The current edition of the Secular Student Alliance newsletter has a debate on the topic of atheist cooperation in the interfaith community.
Jason C. Romero is the Co-President of Interfaith Atheists Agnostics & Humanists at the University of Illinois at Urbana-Champaign and he believes atheist cooperation in interfaith groups is a good thing:
… when most people think of secular individuals, or at least hear the word atheist, what typically comes to mind is someone who is stubbornly overcritical of religion and who carries oneself with an unjustifiably smug air of authority. Our involvement in interfaith groups lets others know that this stereotype does not apply to all of us, and the argument for being involved to a great extent is a result of the sheer amount of work it is going to take to undo the myths surrounding the homogeny of secular folks.
Opposing Jason is Ed Clint, president of the Illini Secular Student Alliance at the University of Illinois Urbana-Champaign. He doesn’t think atheists should join interfaith councils.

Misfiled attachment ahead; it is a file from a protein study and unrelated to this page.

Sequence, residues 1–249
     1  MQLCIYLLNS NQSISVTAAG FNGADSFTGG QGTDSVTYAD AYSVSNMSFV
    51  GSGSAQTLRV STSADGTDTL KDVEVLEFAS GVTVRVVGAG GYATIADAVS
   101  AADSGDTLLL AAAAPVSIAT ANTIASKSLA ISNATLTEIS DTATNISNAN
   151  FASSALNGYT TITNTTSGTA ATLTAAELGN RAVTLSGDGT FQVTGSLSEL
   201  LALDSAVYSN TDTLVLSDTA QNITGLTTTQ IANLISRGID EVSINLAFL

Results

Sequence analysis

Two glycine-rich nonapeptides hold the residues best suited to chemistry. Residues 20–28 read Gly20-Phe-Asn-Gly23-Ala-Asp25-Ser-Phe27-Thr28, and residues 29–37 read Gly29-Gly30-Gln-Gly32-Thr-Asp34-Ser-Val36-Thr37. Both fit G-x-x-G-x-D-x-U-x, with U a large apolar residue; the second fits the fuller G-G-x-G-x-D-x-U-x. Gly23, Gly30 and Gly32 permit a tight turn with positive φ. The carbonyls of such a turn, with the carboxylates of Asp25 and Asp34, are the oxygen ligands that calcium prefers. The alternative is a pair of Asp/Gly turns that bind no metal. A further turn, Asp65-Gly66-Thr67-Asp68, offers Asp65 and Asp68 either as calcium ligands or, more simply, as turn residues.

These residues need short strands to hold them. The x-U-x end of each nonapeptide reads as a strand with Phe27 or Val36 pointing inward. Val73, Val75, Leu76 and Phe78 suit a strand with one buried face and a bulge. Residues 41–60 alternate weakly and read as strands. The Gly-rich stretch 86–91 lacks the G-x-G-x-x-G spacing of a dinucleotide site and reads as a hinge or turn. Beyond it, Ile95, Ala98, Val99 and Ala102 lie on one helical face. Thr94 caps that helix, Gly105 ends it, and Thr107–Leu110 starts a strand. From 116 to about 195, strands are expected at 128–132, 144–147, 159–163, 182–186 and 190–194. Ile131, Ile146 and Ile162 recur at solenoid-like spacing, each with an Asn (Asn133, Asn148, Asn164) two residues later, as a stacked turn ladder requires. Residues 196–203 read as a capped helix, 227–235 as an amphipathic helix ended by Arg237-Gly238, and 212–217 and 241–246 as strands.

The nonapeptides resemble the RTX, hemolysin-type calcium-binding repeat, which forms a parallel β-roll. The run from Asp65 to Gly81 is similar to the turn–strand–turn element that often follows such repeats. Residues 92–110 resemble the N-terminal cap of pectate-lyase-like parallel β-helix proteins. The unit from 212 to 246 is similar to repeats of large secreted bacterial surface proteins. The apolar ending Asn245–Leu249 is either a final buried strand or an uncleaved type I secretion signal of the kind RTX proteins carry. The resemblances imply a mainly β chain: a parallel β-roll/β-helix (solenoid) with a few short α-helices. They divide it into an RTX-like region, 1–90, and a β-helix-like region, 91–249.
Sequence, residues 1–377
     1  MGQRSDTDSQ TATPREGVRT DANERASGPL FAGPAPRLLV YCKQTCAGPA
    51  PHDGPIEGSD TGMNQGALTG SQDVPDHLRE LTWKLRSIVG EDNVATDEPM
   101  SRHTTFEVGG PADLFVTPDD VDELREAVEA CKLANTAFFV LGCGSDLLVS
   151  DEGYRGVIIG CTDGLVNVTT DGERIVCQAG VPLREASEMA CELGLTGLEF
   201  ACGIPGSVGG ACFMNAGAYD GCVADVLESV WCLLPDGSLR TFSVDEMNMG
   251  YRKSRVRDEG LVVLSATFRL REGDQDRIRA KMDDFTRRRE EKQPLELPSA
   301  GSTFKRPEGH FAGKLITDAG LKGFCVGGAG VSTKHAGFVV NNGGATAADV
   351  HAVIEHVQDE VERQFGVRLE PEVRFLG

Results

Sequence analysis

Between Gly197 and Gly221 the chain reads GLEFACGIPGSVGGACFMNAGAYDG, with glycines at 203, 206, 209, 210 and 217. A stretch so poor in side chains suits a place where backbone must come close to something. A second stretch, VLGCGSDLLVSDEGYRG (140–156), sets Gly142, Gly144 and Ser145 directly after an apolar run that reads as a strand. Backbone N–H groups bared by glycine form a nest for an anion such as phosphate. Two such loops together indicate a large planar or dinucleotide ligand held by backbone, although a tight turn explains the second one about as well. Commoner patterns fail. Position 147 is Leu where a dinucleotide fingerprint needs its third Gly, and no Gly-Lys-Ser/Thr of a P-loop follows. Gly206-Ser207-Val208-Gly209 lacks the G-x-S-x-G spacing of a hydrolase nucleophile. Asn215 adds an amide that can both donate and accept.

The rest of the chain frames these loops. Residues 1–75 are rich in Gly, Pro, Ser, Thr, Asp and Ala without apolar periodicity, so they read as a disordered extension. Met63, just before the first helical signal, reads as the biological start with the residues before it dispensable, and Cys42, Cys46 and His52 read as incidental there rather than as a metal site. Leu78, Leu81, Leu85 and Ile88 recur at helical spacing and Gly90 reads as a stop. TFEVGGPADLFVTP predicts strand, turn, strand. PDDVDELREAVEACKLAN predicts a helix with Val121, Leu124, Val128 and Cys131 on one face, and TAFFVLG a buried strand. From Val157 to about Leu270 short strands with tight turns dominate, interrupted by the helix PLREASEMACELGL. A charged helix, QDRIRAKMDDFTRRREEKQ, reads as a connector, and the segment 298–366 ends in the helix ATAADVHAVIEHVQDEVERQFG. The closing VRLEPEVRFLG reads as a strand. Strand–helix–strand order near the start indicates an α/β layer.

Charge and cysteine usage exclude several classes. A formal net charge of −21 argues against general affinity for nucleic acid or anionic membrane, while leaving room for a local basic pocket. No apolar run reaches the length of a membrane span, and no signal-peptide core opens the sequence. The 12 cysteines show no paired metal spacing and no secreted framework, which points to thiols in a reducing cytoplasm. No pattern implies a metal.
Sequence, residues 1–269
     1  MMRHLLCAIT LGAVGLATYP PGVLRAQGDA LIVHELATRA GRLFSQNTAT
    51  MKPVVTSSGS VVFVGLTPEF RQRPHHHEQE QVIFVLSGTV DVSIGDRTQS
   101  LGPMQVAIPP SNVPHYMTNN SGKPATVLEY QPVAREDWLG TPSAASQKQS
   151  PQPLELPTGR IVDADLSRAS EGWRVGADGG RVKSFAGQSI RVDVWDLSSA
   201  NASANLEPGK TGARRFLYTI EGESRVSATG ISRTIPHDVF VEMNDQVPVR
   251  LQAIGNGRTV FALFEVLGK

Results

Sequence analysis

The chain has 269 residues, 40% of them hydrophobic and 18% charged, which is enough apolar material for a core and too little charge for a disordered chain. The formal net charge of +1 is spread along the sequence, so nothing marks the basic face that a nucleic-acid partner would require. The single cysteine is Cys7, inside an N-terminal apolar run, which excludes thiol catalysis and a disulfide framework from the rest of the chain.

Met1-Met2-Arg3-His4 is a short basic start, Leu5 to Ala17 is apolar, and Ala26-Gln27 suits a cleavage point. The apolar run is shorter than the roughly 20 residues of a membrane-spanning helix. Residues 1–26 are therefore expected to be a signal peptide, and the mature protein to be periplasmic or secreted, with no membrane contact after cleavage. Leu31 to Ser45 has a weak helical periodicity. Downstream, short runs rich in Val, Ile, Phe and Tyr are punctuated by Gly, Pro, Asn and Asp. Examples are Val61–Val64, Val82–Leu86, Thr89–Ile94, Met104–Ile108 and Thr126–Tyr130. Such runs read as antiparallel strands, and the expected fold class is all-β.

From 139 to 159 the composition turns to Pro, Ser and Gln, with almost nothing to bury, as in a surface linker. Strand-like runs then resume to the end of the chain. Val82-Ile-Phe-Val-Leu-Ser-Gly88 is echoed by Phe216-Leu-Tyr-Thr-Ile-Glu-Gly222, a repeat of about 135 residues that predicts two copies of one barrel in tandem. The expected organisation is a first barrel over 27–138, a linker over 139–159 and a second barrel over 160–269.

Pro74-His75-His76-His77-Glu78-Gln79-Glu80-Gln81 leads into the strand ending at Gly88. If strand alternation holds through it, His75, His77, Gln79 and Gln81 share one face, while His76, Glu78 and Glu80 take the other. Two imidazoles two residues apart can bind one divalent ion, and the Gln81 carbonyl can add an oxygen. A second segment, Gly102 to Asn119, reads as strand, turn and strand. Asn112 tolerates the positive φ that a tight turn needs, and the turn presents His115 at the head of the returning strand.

Actually, he doesn’t believe anyone should join interfaith councils.
Interfaith activities unify, support, and foster religious groups that actively oppose equal rights and other pluralistic initiatives. Given the choice, interfaith members will always choose faith over reason as a means to achieve social progress. Major interfaith organizations remained silent as churches and groups poured money into California in 2008 to pass Proposition 8, which constitutionally defined marriage as between a man and a woman. The interfaith movement refuses to concern itself with critical, relevant issues, such as stem cell research, sex education, women’s rights, and U.S. educational standards… No atheist of conscience can make him- or herself part of an interfaith organization that willfully refuses to even discuss such egregious affronts to human dignity and human rights condoned or directly caused by faith-based organizations.
I lean more toward Clint’s side. My biggest problem is that interfaith groups always want to strengthen the faith of the participants. It’s my goal to weaken everybody’s faith. Interfaith proponents don’t want to hear religious criticism and (in my experience) they wince when atheists call out various religious groups for the injustices they perpetrate.
I have said repeatedly that there are many areas in which people of different faiths and no faith can — and should — work together. But I have yet to see an interfaith group that embraces atheists (and our views of faith) as much as they embrace the panoply of theists and their nonsensical beliefs.